Book/Magazine Covers (All) · Book/Magazine Covers (Jones) · Commonplace Book · Frank Frazetta · Here, Read · Illustration Art · Jeffrey "Jeff" Catherine Jones · Look Here · YouTube Finds · Zebra/Kensington Covers (Jones)

Louise Simonson on Frank Frazetta, Jeffrey Jones, and photo reference…

Below is a partial transcript of the above clip, with bold added for emphasis:

“Well, when Jeff did work for Warren, I wasn’t there [working for Warren] yet. I was, uhm, working in advertising promotion and, for another publisher, a magazine publisher in the city [New York]. Uhm, I think during this time Jeff may have discovered using reference? And it made a huge difference in his work. I remember at one point he, he, it suddenly occurred to him… okay, all right, back in the olden days there was a story that Frank Frazetta said that he never used reference and anybody who used reference was cheating. So a generation of young artists grew up thinking using reference is bad and cheating and this is, I don’t know, I don’t know why Frank did that because I know he used reference, I know he did. [Laughter.] Uhm, anyway, so I guess at one point Jeff just cracked and started using reference and his work got, it took a huge leap forward, so I do remember that, and I believe that was, maybe some of that might have been during the Warren period. Uhm, he just did a few things for Warren. He didn’t do that much.”

— Louise Simonson, Better Things Panel, San Diego Comic Con 2011

“My work looks the way it looks because I shoot reference.
I need that information, then I can play with it.” — Jeffrey Jones, in conversation with George Pratt



From my very own library of brittle old paperbacks:


To view all of the Zebra/Kensington editions of Robert E. Howard’s books with Jones covers that I’ve posted so far, click here.

Keywords: The Vultures of Whapeton.

Comics · Here, Read · Look Here · Mort Drucker · YouTube Finds

Look Here, Read: “Gone Is the Gargoyle,” with art by Mort Drucker

From Marvel Tales, volume 1, number 127, here’s “Gone Is the Gargoyle,” a story with no formal credit for either the scriptwriter or the artist; however, as often happened “back in the day,” the artist got around this by signing his name, unobtrusively, on the art itself — in this case, on the bottom left of the last page:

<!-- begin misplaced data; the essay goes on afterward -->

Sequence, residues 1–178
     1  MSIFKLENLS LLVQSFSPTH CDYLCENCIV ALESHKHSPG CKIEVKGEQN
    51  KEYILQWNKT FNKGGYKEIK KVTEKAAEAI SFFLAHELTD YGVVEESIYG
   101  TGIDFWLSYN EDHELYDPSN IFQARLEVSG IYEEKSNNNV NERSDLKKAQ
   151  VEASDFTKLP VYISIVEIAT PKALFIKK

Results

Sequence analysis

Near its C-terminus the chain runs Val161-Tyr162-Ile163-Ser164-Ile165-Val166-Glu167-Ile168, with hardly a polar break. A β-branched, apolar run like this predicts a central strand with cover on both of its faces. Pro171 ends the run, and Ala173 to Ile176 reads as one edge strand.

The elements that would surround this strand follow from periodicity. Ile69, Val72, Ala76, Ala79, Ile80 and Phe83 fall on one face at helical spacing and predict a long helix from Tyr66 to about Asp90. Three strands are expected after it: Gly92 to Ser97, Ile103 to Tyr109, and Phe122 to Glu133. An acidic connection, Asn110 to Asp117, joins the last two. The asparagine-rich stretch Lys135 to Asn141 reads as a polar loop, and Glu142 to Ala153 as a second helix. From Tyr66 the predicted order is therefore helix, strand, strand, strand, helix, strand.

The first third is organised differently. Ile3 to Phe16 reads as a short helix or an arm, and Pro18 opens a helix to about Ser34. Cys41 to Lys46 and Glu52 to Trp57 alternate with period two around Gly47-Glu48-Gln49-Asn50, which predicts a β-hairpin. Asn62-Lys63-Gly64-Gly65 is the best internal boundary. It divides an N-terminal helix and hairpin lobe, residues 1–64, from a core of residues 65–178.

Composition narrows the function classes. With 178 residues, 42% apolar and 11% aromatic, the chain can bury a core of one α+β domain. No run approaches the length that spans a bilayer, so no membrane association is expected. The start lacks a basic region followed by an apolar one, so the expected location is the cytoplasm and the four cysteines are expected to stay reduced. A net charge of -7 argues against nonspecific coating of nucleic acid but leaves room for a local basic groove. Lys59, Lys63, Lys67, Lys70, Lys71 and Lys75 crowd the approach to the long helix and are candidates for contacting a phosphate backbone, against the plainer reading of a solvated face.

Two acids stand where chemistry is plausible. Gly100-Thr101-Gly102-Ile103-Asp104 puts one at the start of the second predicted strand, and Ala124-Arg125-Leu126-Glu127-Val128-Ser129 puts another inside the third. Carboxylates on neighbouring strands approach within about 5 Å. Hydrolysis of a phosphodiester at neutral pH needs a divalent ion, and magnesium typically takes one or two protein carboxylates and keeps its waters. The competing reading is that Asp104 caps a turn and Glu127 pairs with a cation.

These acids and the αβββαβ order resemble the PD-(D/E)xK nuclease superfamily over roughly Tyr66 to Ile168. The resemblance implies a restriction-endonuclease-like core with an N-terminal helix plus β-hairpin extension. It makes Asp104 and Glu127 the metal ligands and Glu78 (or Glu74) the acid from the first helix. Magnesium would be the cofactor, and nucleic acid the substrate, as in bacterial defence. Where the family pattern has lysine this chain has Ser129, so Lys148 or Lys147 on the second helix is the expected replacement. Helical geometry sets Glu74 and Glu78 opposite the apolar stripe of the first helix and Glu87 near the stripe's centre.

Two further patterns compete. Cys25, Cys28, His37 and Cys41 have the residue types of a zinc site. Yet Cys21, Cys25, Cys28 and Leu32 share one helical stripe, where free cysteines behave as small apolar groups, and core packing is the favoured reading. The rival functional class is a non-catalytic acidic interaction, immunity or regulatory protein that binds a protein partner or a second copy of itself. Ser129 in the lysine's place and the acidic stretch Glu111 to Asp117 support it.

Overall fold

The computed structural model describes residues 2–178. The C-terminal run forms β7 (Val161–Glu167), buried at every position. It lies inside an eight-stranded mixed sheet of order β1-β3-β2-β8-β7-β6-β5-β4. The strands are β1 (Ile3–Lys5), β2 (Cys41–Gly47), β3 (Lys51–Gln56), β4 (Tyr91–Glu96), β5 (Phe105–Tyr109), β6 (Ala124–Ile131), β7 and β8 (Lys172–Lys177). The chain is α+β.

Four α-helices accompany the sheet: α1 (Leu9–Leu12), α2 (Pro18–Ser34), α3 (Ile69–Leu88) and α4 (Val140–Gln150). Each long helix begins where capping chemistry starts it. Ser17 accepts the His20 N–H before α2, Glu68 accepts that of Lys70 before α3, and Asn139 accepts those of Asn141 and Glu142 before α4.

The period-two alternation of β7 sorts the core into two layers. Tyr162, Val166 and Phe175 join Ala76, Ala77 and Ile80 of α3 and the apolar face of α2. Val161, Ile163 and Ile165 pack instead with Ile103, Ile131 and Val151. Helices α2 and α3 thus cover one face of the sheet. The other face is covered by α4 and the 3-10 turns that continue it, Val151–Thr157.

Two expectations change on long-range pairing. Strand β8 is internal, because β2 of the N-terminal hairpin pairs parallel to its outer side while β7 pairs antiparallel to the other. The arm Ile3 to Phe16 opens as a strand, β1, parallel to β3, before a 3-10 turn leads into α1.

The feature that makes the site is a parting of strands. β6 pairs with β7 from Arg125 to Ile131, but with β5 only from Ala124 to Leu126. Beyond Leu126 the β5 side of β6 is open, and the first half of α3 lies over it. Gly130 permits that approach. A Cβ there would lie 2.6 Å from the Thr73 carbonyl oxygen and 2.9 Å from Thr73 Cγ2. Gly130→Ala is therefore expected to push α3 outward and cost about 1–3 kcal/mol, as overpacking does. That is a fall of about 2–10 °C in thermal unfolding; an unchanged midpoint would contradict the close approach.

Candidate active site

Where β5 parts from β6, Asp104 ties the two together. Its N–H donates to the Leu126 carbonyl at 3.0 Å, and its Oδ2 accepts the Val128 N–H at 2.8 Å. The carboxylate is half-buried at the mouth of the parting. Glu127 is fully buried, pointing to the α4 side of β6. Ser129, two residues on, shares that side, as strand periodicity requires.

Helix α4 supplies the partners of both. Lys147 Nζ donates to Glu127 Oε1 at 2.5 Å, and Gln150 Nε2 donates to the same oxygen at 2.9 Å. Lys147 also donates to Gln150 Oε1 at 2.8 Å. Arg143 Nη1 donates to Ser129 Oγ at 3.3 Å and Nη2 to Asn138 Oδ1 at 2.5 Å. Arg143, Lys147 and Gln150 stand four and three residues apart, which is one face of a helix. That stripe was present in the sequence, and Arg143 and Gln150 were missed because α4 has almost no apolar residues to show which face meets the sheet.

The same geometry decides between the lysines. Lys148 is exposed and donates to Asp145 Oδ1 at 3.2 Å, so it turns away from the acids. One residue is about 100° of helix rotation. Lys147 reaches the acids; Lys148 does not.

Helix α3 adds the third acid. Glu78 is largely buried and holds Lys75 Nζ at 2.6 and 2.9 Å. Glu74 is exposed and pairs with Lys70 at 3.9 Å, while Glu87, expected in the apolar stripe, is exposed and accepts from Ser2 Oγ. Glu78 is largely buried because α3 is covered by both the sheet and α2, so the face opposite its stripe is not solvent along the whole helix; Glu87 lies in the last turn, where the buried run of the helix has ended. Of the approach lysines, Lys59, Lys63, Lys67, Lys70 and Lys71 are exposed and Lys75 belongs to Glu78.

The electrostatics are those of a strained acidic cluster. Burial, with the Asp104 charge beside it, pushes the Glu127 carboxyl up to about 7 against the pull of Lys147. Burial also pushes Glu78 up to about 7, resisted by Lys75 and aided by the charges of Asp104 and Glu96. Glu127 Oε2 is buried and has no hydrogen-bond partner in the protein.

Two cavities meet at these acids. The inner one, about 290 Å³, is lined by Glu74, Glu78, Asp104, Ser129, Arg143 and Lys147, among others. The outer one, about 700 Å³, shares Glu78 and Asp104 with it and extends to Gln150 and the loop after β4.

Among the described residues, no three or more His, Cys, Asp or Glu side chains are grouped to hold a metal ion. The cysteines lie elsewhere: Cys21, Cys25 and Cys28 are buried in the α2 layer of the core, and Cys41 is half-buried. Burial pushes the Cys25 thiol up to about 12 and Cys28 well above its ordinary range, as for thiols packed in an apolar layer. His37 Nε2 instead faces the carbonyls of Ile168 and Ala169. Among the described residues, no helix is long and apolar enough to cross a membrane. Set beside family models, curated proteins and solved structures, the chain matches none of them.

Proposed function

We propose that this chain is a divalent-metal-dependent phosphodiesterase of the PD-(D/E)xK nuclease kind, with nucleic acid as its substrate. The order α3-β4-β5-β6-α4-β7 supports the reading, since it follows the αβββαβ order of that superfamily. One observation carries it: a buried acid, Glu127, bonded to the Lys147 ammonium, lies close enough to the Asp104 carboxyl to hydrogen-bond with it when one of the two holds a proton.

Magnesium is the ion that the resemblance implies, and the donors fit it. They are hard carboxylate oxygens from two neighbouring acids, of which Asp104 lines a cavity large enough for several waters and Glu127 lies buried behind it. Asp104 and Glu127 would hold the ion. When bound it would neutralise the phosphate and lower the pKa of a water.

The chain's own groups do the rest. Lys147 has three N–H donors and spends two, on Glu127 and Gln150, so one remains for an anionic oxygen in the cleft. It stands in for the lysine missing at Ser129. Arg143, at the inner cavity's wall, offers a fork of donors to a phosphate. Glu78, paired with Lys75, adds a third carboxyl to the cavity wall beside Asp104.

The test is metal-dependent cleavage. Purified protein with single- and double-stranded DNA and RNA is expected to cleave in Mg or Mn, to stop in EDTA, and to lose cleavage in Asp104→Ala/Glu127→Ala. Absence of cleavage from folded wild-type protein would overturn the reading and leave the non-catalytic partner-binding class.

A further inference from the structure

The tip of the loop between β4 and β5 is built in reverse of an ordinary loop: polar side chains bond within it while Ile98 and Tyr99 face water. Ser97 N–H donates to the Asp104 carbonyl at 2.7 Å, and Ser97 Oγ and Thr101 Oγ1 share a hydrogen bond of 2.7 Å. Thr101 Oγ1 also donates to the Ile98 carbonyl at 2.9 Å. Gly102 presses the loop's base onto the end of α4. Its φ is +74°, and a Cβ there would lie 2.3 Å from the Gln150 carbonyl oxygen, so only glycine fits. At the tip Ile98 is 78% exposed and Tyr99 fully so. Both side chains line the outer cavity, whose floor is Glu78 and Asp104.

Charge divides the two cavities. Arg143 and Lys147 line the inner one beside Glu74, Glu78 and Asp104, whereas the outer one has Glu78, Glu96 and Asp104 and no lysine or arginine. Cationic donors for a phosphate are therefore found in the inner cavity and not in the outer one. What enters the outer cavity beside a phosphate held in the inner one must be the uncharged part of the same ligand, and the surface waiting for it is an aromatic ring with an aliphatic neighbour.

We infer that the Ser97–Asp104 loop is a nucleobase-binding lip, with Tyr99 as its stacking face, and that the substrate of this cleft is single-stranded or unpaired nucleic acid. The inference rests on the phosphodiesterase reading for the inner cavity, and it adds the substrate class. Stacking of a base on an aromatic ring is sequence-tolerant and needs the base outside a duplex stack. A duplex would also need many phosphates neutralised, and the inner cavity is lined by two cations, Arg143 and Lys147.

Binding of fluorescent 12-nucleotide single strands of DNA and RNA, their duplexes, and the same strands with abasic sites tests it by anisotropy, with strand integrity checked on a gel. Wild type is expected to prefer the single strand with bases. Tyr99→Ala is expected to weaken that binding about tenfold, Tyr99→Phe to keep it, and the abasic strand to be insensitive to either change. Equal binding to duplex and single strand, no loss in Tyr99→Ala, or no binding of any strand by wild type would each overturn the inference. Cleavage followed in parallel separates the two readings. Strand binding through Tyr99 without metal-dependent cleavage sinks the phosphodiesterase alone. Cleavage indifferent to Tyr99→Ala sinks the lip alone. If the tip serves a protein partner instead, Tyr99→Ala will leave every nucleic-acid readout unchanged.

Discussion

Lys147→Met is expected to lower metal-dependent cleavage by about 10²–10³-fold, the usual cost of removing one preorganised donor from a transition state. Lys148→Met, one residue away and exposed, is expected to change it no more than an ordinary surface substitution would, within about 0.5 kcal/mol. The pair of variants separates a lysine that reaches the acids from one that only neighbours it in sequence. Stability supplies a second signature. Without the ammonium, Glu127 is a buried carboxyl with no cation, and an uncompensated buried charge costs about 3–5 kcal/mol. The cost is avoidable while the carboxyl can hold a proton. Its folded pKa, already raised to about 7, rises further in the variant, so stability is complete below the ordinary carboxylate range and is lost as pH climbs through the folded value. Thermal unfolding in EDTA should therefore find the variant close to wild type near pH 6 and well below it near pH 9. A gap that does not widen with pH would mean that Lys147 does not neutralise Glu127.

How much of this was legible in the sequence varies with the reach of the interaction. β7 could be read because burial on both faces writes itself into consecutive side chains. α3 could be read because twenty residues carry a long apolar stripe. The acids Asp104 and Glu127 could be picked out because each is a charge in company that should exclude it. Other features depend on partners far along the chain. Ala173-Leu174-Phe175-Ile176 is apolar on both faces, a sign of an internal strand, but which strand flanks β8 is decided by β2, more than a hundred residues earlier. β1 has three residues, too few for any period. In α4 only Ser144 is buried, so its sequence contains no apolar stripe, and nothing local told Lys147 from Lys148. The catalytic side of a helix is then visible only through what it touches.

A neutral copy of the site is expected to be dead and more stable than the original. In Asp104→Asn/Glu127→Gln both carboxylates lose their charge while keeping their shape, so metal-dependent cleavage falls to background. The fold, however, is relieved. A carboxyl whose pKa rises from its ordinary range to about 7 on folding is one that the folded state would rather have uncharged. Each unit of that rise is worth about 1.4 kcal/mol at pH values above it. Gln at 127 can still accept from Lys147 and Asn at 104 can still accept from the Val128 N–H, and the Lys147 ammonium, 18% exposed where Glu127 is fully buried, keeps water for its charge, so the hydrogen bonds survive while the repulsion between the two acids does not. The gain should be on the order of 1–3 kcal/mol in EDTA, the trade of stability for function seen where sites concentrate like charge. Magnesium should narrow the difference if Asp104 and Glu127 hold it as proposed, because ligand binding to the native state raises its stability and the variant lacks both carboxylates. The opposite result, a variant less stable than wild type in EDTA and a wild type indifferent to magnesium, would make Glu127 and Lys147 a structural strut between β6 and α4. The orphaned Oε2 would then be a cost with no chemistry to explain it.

Keywords: Mort Drucker


See also: Ragged Claws Network > Look Here, Read: “One Man’s Leprechaun,” with art by Mort Drucker, posted 05 October 2011 at 8:03 pm.

Obituaries · YouTube Finds

Rest in Peace: Gil Scott-Heron (1949 – 2011)

New York Times > Gil Scott-Heron, Voice of Black Culture, Dies at 62

Gil Scott-Heron, the poet and recording artist whose syncopated spoken style and mordant critiques of politics, racism and mass media in pieces like “The Revolution Will Not Be Televised” made him a notable voice of black protest culture in the 1970s and an important early influence on hip-hop, died on Friday at a hospital in Manhattan. He was 62 and had been a longtime resident of Harlem.


The Daily Swarm > The Daily Swarm Interview: Gil Scott-Heron — The Revolution Will Not Be Blogged by Andy Gensler:

I don’t think many people realize how funny “The Revolution Will Not Be Televised” is–lines about Rocky & Bullwinkle and Glen Campbell and the Beverley Hillbillies.

[GS-H] That’s how we wrote it. There’s a lot of wit in there. What we were talking about man is that like you never get anything done, you never see anything that helps you. You need to be out doing stuff. The Revolution takes place in your mind. Once you decide to look at the other side of it seriously and see if there’s any value to it. We were the ones with the bibles and the flags and shit but they were calling us militants and you all son of a bitches were the ones with the guns.

But you were also well-versed in pop culture –“Put a Tiger in Your Tank or It Goes Better With a Coke’ –a lot of the song is lampooning pop culture.

[GS-H] That’s what we were trying to do. We were trying to show people how silly the shit was they were wasting their time on when they needed to be trying to help.

But something about “Revolution” just resonated, it hadn’t been said before like that. Either you were a revolutionary or maybe you were a comedian.

[GS-H] It was up to people to decide which (laughs).

What do you make of people crediting you with starting hip-hop?

[GS-H] I don’t know if I can take the blame for it.

“My life has been guided by women, but because of them, I am a man.”
–Gil Scott-Heron, “On Coming from a Broken Home (Pt. 2),”
from the album I’m New Here (2010)